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  • It took about 6-8 months for me to feel strong after my L4-S1 PLIF. The recovery is truely brutal. That being said at the 1 year mark my lumbar spine feels like 100%. I still get sore if I am on my feet for too long or over do it but at this point my lumbar spine is stronger than it had been in about 10 years. I have as much (if not more) flexibility than before. But the best thing is the NO PAIN in the back, legs, feet, no sciatica!. I do have very minor numbness in one of my feet/toes that will probably never go away. Not a bad trade off.

    I have heard of many botched fusions. Maybe they were screwed up by poor surgeon or were done for the wrong reasons. I only know that mine was very good for me. I had a great spring and was back to my old activities as a direct result of my successful fusion.

    There are things that I just wont do any more. Like snow machines and 4 wheelers. I think about putting my back at risk (should have been doing that all along). I ask for help more when it comes free (like letting the clerks carry out my groceries). I ask hubby for help with "man" chores whereas before I just did everything.

    Now if I can get the neck handled I will be happy again.

    Good luck,

  • SpineAZSpineAZ WiscPosts: 1,084
    You may be able to return to weight lifting - but it will depend on how much and your body mechanics. If your doctor ever gives you the go ahead make sure to try to work with a physical therapist for proper weight techniques.

    I had a two level fusion in 1993 in my 20's. I did do roller coasters a bit, but only if I could move with the coaster and it wasn't too jarring. For example, Space Mountain at Disney is not a good one - you are in the dark and can't predict the twists and turns. Now, I wouldn't do them as I just don't want to jostle my spine in that way.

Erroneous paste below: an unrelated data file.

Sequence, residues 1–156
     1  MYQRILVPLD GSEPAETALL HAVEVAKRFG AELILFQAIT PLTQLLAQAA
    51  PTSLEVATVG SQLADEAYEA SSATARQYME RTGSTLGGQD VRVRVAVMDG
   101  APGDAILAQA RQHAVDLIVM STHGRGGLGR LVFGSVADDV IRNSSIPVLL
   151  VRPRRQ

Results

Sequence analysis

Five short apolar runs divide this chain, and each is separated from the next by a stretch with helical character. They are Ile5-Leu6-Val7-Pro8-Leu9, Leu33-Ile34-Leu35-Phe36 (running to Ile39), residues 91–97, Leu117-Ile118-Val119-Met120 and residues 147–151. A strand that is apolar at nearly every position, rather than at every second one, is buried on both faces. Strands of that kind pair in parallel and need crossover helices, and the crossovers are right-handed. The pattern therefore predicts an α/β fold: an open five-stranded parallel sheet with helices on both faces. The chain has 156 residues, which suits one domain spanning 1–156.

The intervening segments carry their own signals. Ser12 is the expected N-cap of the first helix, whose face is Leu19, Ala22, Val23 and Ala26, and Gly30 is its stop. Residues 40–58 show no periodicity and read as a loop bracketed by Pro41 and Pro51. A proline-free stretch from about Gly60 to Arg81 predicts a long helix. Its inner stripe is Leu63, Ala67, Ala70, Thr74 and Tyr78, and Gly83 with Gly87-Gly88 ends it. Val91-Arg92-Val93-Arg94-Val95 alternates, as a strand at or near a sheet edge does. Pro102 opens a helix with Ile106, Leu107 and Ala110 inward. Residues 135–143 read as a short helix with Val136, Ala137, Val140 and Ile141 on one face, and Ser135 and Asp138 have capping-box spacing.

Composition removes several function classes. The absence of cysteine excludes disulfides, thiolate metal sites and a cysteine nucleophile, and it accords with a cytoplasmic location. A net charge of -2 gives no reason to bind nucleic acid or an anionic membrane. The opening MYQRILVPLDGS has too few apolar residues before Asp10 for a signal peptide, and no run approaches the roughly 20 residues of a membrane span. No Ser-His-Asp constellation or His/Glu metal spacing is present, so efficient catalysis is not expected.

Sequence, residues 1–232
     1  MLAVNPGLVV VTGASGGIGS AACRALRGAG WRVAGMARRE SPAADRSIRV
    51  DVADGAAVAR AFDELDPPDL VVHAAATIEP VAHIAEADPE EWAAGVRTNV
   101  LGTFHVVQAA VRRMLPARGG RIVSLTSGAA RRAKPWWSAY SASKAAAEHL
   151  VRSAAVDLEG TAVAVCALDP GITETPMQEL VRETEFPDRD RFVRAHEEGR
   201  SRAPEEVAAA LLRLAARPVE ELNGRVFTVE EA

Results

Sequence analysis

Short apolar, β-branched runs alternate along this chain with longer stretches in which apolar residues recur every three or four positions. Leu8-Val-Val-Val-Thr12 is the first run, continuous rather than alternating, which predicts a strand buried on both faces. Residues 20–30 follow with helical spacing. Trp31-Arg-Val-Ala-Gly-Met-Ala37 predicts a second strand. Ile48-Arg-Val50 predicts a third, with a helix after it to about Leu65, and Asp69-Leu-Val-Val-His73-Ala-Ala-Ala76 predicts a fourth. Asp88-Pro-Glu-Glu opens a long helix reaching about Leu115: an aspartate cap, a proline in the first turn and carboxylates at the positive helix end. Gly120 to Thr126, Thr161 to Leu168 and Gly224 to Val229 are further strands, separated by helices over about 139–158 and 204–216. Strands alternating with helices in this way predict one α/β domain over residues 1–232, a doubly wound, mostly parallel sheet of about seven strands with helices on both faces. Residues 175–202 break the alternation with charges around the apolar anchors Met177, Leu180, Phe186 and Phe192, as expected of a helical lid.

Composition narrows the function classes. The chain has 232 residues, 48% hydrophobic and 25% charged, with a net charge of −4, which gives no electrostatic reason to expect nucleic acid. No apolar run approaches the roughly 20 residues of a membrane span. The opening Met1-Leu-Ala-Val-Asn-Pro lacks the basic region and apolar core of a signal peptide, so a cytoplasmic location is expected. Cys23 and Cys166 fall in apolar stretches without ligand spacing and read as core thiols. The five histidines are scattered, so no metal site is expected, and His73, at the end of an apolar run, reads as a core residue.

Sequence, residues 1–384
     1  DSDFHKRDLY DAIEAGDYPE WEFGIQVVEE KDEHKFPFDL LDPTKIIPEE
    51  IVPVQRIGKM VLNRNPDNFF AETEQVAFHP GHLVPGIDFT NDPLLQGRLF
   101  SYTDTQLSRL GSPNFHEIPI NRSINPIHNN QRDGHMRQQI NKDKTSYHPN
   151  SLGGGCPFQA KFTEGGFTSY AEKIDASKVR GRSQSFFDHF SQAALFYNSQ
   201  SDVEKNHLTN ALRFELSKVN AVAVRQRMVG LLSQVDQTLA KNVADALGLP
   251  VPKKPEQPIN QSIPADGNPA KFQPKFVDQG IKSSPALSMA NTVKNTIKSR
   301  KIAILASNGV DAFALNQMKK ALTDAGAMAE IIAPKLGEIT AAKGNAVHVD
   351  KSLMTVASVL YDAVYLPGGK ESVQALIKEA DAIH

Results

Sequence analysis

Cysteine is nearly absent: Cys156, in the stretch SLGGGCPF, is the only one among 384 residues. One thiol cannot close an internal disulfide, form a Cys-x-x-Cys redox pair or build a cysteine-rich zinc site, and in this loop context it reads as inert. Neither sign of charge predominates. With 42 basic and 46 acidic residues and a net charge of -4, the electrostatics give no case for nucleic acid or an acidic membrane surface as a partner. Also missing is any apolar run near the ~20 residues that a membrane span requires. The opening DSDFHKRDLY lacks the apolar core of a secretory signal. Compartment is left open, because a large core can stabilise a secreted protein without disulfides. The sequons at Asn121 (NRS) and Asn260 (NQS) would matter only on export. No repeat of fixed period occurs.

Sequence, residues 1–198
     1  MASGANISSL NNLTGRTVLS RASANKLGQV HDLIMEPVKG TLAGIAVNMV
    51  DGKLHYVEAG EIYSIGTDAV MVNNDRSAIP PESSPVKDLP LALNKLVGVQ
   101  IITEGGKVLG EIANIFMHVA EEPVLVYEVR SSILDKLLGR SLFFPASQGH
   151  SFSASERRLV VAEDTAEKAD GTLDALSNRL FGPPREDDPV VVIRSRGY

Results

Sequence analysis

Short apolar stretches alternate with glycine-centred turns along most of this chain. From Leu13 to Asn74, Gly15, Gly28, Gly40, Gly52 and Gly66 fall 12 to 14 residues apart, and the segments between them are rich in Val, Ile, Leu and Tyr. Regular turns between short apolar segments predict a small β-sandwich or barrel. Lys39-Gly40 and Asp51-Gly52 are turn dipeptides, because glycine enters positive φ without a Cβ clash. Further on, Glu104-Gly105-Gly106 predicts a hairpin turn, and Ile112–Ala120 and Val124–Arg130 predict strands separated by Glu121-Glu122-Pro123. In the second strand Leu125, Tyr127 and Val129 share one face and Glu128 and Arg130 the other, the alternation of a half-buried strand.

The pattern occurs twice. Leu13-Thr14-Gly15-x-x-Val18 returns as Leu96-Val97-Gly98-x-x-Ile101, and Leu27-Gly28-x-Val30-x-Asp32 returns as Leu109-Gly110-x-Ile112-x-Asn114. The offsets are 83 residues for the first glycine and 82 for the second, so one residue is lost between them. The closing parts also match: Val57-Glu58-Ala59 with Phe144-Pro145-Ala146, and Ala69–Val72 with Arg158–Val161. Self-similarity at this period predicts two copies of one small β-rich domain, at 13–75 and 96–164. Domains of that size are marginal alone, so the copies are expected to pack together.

I've canoed, sailed, hiked (including taking a face first trip down a local mountain - ouch!), cross country skied, horseback rode, snorkeled, rafted and tubed, etc, in all the years since. After you recover it shouldn't affect the love life. For everything I do I make sure I'm never in any situation where my back isn't in a good ergonomic position. When I was traveling a lot for work I invested in good inflatable pillows for my back and neck, etc.

    The key is allow your body to heal before you consider any physical activity of any significant level. And when you are all recovered always keep in your mind that you want to take care of your back so the repair and the spine last into the future if at all possible. All too often I see people who decide they are "tough" and they do more than they should...then they wonder why they are in pain and/or not recovering well.
    2 ACDFs, 2 PCDF, 3 LIFs; Rt TKR; Rt thumb fusion ; Lt thumb arthroplasty; Ehlers Danlos 
  • the weight lifting, but the other activities sound do-able. I'm not sure about the love life thing. I'm single, so haven't really tried that part yet. I've had a three-level fusion. The desire is there, but man -- I can imagine it might be a bit uncomfortable. Some day I hope to check it out.